There’s always an “aha” moment when the product just comes into view. Prior to that, it can feel like San Francisco on its foggiest day. It’s so hard, because you know there’s an idea there, but there are typically so many directions you can take with it. Is it B2C or B2B? How is it delivered? How limited is the target audience? Too limited? If it’s just you in your own head, thinking about this product or solution, you can drive people crazy with constant talk and noodling ideas—and I have done this. It can be relentless in your mind and that is not necessarily healthy for relationships. I would just say that it’s a part of the territory: continuously thinking about the business and refining, refining, refining, until you finally have that light bulb go off and you know what your product is and who it’s intended for.
What obstacles did you face and overcome in your startup journey?
Start small to make it to big. Financing and staying “close in” on the first iterations of the product is always a challenge. It’s the typical cash-flow concern, the balancing act of having enough revenue coming in to cover what’s going out.
For most entrepreneurs, the beauty of the entrepreneurial mind is the vision: You can see down the road where this product can go and all of the iterations it can evolve into. But that is also the curse, because to actually be successful, you have to be okay with starting at the very beginning—the MVP (minimum viable product)—and selling that first. It’s not always as exciting as “thinking big” and the ego can come into play when you want the whole world to know about your “long-term genius roadmap,” but for the sake of success, you must start with the basics and know that customers are not where you are. They need to understand your very basic offering first.
This has always been hard for me, as I prefer the big picture and like to lay it all out there for the first customers I’m pitching. You have to be smart about your money and know that you can only support so much initially with the funding you have and you need to prove out that first product iteration.
Did you draw on any Cornell resources to help launch B.Untethered?
Bright-minded contacts: I have friends from business school who have been helpful in talking through product strategy, providing business development connections, and identifying funding opportunities. I think the Cornell network is extremely beneficial in the success of any business.
Is there any particular faculty member at Cornell who influenced you on your path to becoming an entrepreneur?
Professor Mary Tabacchi! When I first took the Spa and Wellness course back in 1987, not everyone understood the intention of the word “wellness.” Imagine that! I left Professor Tabacchi’s course knowing that I wanted to own a wellness consulting firm one day. The funniest thing is that both Professor Tabacchi and I were on a call together just a month ago for the Blue Zones! She is amazing.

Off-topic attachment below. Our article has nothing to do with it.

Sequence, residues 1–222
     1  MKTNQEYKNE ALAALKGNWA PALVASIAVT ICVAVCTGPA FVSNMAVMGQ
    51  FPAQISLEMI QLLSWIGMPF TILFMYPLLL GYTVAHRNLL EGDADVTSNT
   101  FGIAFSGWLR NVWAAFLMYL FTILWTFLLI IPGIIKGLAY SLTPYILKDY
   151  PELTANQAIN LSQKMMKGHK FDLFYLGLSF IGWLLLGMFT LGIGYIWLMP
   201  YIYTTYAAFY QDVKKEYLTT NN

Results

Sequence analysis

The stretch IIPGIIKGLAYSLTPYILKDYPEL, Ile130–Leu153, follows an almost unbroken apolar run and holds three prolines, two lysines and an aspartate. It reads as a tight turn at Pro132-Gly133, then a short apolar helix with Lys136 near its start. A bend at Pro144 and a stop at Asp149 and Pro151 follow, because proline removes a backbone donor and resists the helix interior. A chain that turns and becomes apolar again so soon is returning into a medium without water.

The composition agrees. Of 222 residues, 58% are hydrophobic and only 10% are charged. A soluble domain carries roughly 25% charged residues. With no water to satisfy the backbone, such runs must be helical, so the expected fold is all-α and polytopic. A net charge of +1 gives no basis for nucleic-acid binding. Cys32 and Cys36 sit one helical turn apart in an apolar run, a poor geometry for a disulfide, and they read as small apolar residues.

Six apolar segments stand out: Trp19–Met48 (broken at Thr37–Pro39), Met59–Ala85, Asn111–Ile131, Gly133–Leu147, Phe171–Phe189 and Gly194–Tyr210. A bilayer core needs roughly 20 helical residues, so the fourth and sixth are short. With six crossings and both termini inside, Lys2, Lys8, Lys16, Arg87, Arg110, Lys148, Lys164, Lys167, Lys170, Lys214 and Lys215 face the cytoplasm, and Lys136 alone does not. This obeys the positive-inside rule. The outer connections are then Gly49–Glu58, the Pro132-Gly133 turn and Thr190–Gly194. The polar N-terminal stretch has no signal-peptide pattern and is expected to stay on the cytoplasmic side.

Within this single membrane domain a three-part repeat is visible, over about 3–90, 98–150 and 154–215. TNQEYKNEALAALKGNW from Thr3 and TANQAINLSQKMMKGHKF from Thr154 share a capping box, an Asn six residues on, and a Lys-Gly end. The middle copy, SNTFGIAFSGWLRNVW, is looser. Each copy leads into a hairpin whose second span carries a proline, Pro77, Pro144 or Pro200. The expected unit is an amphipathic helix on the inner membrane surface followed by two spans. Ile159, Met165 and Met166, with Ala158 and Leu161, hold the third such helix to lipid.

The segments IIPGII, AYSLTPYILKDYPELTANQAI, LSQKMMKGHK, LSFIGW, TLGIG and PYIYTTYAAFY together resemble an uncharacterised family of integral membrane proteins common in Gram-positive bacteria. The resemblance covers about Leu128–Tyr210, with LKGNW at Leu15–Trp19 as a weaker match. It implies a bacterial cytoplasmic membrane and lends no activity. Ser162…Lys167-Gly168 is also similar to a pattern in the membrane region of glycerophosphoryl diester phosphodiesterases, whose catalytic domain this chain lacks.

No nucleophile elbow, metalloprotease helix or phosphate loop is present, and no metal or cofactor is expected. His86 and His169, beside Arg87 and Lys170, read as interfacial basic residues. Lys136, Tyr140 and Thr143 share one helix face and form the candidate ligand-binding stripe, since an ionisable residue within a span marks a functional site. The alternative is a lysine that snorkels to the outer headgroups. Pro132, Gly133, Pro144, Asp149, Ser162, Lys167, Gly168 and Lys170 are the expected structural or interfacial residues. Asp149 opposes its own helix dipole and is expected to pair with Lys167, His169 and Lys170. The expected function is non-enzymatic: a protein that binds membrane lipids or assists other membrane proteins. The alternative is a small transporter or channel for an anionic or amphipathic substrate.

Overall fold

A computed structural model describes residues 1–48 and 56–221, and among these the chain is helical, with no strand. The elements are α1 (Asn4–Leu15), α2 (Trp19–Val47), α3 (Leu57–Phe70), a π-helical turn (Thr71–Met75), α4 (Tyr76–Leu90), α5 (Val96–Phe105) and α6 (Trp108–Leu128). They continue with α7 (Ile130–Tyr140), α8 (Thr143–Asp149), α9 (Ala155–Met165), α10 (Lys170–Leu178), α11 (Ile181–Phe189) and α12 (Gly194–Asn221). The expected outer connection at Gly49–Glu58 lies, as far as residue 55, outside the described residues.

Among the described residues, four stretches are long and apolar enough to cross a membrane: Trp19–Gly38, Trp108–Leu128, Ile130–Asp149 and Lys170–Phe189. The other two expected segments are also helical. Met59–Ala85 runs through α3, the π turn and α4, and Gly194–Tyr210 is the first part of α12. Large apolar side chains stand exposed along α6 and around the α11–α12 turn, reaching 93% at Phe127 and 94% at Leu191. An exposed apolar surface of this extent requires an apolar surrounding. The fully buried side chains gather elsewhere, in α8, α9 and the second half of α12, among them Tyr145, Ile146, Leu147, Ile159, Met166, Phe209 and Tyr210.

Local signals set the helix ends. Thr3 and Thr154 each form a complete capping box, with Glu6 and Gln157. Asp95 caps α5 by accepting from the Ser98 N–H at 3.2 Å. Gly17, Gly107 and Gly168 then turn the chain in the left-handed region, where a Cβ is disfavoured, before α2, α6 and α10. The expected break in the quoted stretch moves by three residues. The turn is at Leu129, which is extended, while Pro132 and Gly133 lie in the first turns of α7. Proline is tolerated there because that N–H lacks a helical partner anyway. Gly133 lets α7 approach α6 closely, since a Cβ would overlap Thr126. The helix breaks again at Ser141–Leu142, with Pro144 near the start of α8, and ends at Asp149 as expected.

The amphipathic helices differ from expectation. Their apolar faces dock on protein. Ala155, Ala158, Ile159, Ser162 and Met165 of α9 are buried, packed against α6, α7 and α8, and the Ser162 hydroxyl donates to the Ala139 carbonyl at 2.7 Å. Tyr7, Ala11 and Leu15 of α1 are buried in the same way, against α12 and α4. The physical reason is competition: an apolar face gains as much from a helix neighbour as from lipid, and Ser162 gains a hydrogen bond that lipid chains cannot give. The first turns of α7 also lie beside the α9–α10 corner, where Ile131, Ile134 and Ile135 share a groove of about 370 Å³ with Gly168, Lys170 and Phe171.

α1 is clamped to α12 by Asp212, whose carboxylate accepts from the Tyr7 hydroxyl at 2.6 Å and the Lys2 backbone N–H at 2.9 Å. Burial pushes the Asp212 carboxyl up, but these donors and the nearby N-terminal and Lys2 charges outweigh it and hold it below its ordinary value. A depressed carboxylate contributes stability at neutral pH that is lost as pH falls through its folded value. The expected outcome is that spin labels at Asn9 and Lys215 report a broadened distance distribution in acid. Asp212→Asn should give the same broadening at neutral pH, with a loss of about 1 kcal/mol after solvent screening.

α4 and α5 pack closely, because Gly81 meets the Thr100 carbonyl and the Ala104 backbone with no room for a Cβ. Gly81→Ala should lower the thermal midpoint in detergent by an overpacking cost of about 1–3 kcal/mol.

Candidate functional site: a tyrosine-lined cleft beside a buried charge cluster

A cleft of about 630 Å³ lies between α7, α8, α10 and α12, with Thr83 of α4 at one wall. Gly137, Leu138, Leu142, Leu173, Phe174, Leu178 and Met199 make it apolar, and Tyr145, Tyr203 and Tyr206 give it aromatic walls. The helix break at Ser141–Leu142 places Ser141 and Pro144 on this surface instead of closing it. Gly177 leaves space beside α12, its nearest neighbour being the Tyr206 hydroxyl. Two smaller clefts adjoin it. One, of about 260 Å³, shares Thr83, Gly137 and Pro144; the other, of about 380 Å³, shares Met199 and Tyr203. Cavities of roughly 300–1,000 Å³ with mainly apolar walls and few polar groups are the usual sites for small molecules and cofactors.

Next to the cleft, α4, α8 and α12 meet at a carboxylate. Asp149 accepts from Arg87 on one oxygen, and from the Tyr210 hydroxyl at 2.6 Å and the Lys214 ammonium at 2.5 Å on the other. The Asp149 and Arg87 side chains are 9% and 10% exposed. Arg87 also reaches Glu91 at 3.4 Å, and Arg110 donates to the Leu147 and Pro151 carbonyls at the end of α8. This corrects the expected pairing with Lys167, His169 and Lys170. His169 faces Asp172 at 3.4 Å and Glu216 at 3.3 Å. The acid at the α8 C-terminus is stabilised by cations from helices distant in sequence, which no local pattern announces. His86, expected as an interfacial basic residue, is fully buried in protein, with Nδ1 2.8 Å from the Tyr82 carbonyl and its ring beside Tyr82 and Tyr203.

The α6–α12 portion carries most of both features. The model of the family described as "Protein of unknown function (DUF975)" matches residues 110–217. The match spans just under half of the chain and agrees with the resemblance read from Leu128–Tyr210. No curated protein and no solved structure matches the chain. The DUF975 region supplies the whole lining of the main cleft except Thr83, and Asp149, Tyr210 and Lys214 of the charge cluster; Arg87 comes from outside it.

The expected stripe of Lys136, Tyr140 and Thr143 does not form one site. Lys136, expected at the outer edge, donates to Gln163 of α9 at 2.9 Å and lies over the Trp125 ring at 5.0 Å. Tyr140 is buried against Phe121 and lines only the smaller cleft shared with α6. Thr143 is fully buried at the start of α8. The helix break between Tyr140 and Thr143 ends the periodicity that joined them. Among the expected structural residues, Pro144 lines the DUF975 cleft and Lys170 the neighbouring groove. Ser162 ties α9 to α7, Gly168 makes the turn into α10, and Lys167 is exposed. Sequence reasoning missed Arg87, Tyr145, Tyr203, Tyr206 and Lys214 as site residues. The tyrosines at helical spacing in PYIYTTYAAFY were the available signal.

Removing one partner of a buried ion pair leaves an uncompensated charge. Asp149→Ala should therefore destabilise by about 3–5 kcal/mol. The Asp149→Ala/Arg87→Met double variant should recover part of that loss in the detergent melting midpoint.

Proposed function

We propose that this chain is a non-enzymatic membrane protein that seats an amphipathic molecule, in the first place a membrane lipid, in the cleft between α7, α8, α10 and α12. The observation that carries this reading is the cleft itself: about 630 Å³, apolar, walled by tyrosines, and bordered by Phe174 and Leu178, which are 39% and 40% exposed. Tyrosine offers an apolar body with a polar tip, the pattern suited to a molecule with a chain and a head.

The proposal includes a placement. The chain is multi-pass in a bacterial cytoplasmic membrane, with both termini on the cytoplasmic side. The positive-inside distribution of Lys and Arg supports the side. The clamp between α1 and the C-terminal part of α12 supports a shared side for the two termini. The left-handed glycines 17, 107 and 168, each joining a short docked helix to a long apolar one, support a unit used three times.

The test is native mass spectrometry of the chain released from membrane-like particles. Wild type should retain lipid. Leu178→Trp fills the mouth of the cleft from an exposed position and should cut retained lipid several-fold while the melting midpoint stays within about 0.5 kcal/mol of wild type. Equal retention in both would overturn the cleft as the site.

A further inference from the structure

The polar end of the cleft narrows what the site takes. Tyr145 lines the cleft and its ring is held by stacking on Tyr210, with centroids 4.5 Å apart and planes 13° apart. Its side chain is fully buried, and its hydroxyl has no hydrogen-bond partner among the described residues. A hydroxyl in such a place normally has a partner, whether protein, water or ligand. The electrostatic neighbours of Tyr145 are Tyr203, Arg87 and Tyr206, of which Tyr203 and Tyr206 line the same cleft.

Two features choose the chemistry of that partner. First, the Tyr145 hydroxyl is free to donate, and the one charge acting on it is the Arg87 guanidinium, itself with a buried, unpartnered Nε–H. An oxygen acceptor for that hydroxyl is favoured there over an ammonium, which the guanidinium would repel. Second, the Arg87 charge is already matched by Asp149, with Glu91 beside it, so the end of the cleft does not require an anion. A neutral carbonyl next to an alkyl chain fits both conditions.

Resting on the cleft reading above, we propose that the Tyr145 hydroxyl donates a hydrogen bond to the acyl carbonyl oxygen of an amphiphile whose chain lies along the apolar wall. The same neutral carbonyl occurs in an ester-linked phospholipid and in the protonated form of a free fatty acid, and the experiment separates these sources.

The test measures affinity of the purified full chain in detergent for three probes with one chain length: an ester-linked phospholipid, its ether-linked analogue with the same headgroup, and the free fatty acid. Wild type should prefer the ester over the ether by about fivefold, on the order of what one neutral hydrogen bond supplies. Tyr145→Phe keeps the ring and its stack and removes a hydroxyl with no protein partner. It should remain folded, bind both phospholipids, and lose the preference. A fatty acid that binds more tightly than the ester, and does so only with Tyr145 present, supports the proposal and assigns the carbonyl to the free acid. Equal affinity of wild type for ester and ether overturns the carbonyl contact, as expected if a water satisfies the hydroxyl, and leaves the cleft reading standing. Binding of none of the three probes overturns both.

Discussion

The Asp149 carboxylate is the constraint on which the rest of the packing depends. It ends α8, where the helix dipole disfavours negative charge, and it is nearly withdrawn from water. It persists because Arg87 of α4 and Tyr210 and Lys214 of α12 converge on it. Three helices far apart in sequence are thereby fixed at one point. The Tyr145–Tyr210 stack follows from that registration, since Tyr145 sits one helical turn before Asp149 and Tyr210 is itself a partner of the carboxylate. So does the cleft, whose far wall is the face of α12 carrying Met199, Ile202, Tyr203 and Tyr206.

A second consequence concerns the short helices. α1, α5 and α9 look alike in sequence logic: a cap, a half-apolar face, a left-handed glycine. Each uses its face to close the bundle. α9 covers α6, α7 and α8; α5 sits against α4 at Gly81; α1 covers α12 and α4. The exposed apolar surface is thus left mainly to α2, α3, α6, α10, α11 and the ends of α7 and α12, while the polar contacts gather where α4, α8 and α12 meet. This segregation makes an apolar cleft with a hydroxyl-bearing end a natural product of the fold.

I loved Professor David BenDaniel’s entrepreneurship course. At the time, I had no idea I would start three companies; I just loved understanding the basics of startups because they’re relevant to any business. Whether you work in a large company or your own startup, you are going through many of the same processes in launching a new product.
Professor Jerry Hass’s finance class was also very beneficial. I had been in marketing prior to b-school and felt that I understood the basic concepts of marketing. My finance background was weak, though, and Professor Hass’s general finance class taught me how to think about the markets and financing a business.
What are the most valuable things you learned at Cornell that helped in launching B.Untethered? And what’s most helpful now, in running your business?
- Networking: Honestly, I think networking is so key. Be open to talking to anyone about your business, because you never know who that person might know that might be the perfect connection for you. Because Cornell offered such a diverse student (and faculty) body, I became comfortable talking to anyone about anything. That has proven valuable.
- Diverse Mindset: Cornell’s diversity also generated a curiosity and is much of what drove my travel to Nepal, the Canaries, Brazil, Peru, and so many other places. There are so many interesting ways to view the world and to live. There is not just one way of thinking about a problem and its potential solution. Keeping an open mind and listening to how others (and other cultures) have solved similar problems is always top of mind for me. Despite our differences, there are basic human needs across the globe and much can be learned from others.
What advice do you have for other aspiring entrepreneurs?
- It takes a village. Be careful of being so myopic that you think your way (or product) is the only way. Even Bill Gates, Mark Zuckerberg, and Oprah didn’t do it alone. Be respectful of others’ opinions early on. Like a tree, an idea starts as a seed, but then requires all sorts of nutrients for it to continue to grow. You, as the entrepreneur, need to continue to weed the garden and eliminate tweaks and changes that won’t allow it to grow in the direction intended. You must also provide for that growth.
- Love what you do. If your heart isn’t in what you do, it will be difficult to stay the course. It has already been said a million times, but for me it was the truth: Your entire life becomes the business. You must have passion for what you are doing or you’ll never have enough fortitude to stay with it.
- Good Luck! And call – I’m always willing to listen and help.